The first Fregat Upper Stage Burn boosts the stack into a Low Earth Parking Orbit of 175 Kilometers and an inclination of 14.98 degrees. After nearly one revolution of Earth, Fregat re-ignites and boost the stack into the hyperbolic L2 Transfer trajectory. Following the completion of the second Fregat burn, Gaia is separated and enters its transfer mode. Fregat makes another maneuver to enter a graveyard orbit to avoid re-contact with Gaia.

Image: EADS Astrium
Image: EADS Astrium


L2 Transfer & Orbital Insertion

Image: Astrium
Image: Astrium

Following its launch atop the Soyuz/Fregat vehicle, Gaia enters a hyperbolic L2 Transfer Trajectory that allows the vehicle to reach the Sun-Earth Lagrange Point 2 in 3 weeks. As part of initial operations in space, Gaia starts establishing communications with ESA ground stations and begins a series of steps to acquire three-axis control. While the sun shield is still in its stowed position, Gaia can only use its gyros and –X facing thrusters to enter a stable attitude. Early in the mission, the Deployable Sun Shield is deployed.

The DSA is a umbrella-type structure that consists of Multilayer Insulation as the primary shield material and six rigid deployment booms as well as six secondary stiffeners. These booms have a single articulation on the base of the Service Module for easy deployment in the radial direction by a spring system. Spacing cables link the booms to the others to ensure a synchronized deployment sequence. The DSA is 10 meters in diameter.

Image: ESA
Image: ESA

When the DSA is deployed, Gaia starts receiving power from its six solar panels that are installed on the Deployable Sunshield Assembly. Verifying that Gaia is power-positive is an important step in the mission. Gaia’s Launch and Early Orbit Operations Phase is expected to last about two days featuring basic vehicle health and status checks.

Using ranging techniques, the precise trajectory of the Gaia spacecraft is determined over the first two days of the flight to assess the accuracy of the insertion performed by the launch vehicle. If necessary, Gaia performs an initial Trajectory Correction Maneuver as early as L+2 Days followed by another maneuver to correct leftover bias by Flight Day 12.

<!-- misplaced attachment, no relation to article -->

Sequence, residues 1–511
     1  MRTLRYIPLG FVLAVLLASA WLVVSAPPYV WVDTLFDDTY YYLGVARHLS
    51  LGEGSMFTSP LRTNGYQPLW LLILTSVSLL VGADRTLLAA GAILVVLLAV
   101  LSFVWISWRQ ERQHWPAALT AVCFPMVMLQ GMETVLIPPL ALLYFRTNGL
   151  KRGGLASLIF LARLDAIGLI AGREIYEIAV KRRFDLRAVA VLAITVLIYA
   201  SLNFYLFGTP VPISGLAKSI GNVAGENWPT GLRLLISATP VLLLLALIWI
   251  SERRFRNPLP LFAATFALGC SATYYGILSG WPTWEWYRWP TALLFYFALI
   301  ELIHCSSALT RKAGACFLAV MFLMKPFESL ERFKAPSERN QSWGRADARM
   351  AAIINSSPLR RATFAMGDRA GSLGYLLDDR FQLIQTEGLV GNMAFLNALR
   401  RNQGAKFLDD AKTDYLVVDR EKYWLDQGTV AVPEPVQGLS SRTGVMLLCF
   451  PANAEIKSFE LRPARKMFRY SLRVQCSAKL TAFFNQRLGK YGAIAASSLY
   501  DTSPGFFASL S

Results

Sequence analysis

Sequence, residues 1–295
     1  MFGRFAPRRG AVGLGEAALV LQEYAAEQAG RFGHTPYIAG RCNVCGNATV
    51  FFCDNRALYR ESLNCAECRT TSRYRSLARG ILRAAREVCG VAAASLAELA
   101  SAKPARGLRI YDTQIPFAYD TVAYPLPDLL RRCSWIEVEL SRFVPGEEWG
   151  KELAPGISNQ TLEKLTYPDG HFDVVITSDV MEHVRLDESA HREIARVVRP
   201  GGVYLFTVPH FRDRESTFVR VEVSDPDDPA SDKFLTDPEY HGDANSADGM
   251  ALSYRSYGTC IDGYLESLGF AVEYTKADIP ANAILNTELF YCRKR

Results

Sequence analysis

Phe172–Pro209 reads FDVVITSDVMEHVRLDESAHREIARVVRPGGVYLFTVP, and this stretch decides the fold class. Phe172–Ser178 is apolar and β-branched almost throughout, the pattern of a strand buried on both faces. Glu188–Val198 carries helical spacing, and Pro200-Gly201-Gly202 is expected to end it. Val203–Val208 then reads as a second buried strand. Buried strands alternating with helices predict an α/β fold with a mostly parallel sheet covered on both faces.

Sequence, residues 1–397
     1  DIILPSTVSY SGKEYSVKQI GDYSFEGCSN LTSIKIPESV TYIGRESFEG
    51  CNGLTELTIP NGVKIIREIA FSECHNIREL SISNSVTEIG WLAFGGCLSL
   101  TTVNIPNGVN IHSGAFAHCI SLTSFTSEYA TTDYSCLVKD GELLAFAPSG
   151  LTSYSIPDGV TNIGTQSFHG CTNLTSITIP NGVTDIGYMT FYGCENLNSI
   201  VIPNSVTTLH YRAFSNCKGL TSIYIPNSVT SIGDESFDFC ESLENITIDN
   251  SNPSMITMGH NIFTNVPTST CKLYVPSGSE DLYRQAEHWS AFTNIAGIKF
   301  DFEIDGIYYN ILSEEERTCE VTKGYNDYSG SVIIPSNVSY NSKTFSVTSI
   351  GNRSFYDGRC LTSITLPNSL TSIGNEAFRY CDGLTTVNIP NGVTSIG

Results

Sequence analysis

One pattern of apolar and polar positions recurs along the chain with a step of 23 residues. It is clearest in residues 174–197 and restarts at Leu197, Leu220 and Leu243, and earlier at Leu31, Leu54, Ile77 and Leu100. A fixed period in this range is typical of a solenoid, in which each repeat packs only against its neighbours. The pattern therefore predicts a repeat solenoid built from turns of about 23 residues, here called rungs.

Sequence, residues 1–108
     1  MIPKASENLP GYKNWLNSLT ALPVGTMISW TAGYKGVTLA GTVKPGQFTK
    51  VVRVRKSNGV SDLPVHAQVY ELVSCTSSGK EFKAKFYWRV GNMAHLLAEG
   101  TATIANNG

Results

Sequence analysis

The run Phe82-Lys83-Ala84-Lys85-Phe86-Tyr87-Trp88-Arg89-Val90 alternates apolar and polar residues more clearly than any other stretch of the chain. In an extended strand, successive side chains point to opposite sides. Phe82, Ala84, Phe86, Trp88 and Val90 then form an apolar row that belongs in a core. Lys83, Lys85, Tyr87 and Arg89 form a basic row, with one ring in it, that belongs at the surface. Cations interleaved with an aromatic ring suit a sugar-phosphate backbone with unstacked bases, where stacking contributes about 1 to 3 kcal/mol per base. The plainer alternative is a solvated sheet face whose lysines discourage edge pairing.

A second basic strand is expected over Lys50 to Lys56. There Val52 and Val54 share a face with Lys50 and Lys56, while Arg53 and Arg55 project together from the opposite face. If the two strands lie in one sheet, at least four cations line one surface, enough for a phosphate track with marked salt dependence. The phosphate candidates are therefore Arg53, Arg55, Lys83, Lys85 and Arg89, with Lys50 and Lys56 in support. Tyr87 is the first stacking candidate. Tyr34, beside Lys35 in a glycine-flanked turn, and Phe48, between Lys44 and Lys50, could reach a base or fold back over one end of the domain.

Over the course of the L2 Transfer, Gaia begins spacecraft commissioning operations.

These procedures include extensive electrical testing of all spacecraft systems and activations of the instruments to put them through a complete checkout.

Throughout the transfer, Gaia is spin-stabilized. After covering the 1.5 Million Kilometers to the L2 point, Gaia uses its Chemical Propulsion System to perform its Orbit Insertion Maneuver – a 180-meter per second burn that places the vehicle in a Lissajous Orbit around the L2 Libration Point. Two Days after insertion and orbit determination, an orbit correction maneuver is performed to place the vehicle in its desired orbit.

L2 Location


Orbit Design & Scanning Law

L2 Orbit - Image: ESA
L2 Orbit – Image: ESA

The L2 Lagrange Point offers a semi-stable gravitation environment that allows spacecraft to reside in orbits around the libration point over a period of years at the expense of few propellants for orbit maintenance. Since the Sun, Earth and Moon are behind the field of view, the L2 Orbit offers a high observation efficiency as well as a stable thermal environment and a low radiation dose.

A Lissajous Orbit describes a Lissajous Curve around the Libration Point with components in the plane of the two primary bodies of the Lagrange System and a component perpendicular to it. The orbit period is about 180 days and the size of the orbit is 263,000 x 707,000 x 370,000 km.

In theory, Lissajous orbits are highly stable, but in practice, an orbit around a Libration Point is dynamically unstable – requiring some effort to model as small departures from equilibrium grow exponentially as time progresses. These departures require regular orbit maintenance maneuvers to preserve a stable orbit within mission parameters. The progression of a Lissajous Orbit is largely dependent on its initial parameters – namely phase angle and distance to the L2 point.

Gaia Orbital Plots
Image: EPSC
Image: EPSC


Image: EPSC
Image: EPSC
Earth Shadow & Penumbra Zone at L2 - Image: EPSC
Earth Shadow & Penumbra Zone at L2 – Image: EPSC

These parameters have to be set and controlled very carefully in order to meet the mission requirements for the Gaia mission. The exact orbital parameters around L2 are not relevant to the Gaia mission as long as proper tracking and position information are provided for data analysis. The biggest constraint for the Gaia mission, and the most important aspect of orbit design, is solar illumination. As the L2 point is located “behind” Earth and rotates along with Earth, the planet constantly casts a shadow at a spherical zone of 13,000 Kilometers.